Evidently, Jesus, the Christian founder, spoke Aramaic in his day. This is why Christians have taken an interest in the ancient language. The Pope came and visited with Netanyahu and mentioned Aramaic, not giving into the fact that people continued using Hebrew as well. Hebrew was revived and used again after 1880 with the waves of Jews coming into "Palestine" in what was called aliyahs from Russian territories who had suffered from pogroms. Now it's the language of Israel once again.
|Yeshua (Jesus) in Aramaic|
The letters, read from right to left, look like Hebrew to me and
would be: Yud, Shin, Vuv, Ayin. I would call this old Hebrew.
Even I can read it as Hebrew.
|The Hebrew letter A (Aleph) through the ages|
|Hebrew, Arabic and English sign|
Hebrew pronunciation: Ya-roosh-al-eye-eem
Life regained itself, however, from the Romans who caused the death of hundreds of thousands of Jews in the siege of Jerusalem and elsewhere in the country, along with the many thousands more who were sold into slavery. Jews and Judaism survived Rome by making adjustments. Instead of the Temple that they burned to the ground, Jews created synagogues in places they had been taken. The Sanhedrin wass reconvened in Yavneh in 70 CE and later in Tiberias. There was a small remaining Jewish community that gradually recovered and grew with returning exiles. Rabbis and the synagogue became the focus of Jewish settlement. Many remnants of synagogues have been found at Capernaum, Korazin, Bar'am, Gamla and other places. It was our Halakhah, the Jewish religious law, that served as the common bond among the Jews and was passed on from generation to generation with our Hebrew writings and our oral laws. .
Biblical readings had to be translated from the Hebrew to Aramaic in the synagogues for the benefit of congregants who didn't understand Hebrew anymore. It persisted as a literary tongue for a long time and was the language of the Zohar and of later kabbalistic poetry.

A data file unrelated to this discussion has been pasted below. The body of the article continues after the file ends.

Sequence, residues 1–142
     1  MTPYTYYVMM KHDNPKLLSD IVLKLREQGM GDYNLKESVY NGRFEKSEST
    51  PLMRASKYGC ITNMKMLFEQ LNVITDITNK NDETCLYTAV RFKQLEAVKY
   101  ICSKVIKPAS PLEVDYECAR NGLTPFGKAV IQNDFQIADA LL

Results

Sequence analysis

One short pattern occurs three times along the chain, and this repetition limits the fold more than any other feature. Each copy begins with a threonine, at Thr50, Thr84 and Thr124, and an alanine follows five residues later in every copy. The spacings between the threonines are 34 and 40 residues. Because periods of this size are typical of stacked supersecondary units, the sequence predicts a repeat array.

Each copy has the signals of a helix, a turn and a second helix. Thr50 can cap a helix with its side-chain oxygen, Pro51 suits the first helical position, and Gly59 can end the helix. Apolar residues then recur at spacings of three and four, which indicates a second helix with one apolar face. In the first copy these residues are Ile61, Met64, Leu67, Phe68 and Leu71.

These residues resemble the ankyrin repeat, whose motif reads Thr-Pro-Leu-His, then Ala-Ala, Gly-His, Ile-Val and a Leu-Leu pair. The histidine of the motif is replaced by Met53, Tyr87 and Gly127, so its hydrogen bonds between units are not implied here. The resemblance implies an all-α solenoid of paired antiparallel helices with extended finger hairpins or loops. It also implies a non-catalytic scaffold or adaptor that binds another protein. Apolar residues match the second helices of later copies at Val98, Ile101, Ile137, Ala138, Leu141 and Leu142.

This Aramaic is looked upon as intermediate Western Aramaic which was the language of the Palestinian Talmud. We have 2 Talmuds; the Palestinian written there, and the Babylonian Talmud, written when Jews had to live in Babylonia. The Aggadic Midrashim, Targum Jonathan and the Samaritan translation of the Pentateuch and the eastern Aramaic was included in this grouping.
|The Torah, the 5 Books of Moses,|
All in Hebrew
Jews who have settled in Israel since 1948 that came from the Kurdish districts of Syria, Iraq, Turkey, Persia (Iran) and Russia still spoke new Aramaic as the Nestorian Christians there did also.
Formal literary dialects of Aramaic based on Hasmonean and Babylonian were followed by other dialects. and Western varieties were spoken in Judea in the time of Jesus. Old Judean Aramaic was the prominent dialect of Jerusalem and Judaea. The Ein Gedi region was the where you found the Southeat Judaean dialect. Samaria had its distinctive Samaritan Aramaic, where the consonants "he", "heth" and "ayin" all became pronounced as "aleph". The Galilean Aramaic where Jesus came from in the Gospel story is only known from a few place names, , and in Galilean Targumic, some rabbinic literature and a few private letters. It had a number of distinctive features; diphthongs that were never simplified into monophthongs. In the East of the Jordan, the various dialects of East Jordanian were spoken. Around Damascus, Syria and the Anti-Lebanon Mountains, Damascene Aramaic was spoken. As far north as Aleppo, Syria, the western dialect of Orontes Aramaic was spoken. Note this was in Syria, which was then part of Israel.
|English read from left to right|
Hebrew read from right to left
it means "GOOD LUCK!"
No, Palestinians of today came from surrounding lands and were Muslims. In fact, the people hadn't followed Islam until Mohammad came along, born in 570 CE and died in 632 CE. It was the 3rd religion of the Middle East. It was those Russian Jews who came in the 1st to 5 aliyahs who attracted them since they figured they could get jobs in their building of towns in the late 1800s. . Their language was Arabic unless they were Christian Arabs and might have spoken an Aramaic dialect.
At the junior high in Safed where I taught English, the Arab students took Hebrew and the Jewish students took Arabic. The students would get together later and help each other with their homework. I don't think it was as hard for them since Arabic is also similar to Hebrew, and they all read from right to left.
Resource: The New Standard Jewish encyclopedia
Update 7/31/16 book: Hidden Gospel, by Neil Douglas-Klotz, on Aramaic, history, background, definitions, a Sufi with one parent Jewish, another not. Mostly covering the Aramaic in the 1st century BCE and CE. ; includes CDs on subject with chanting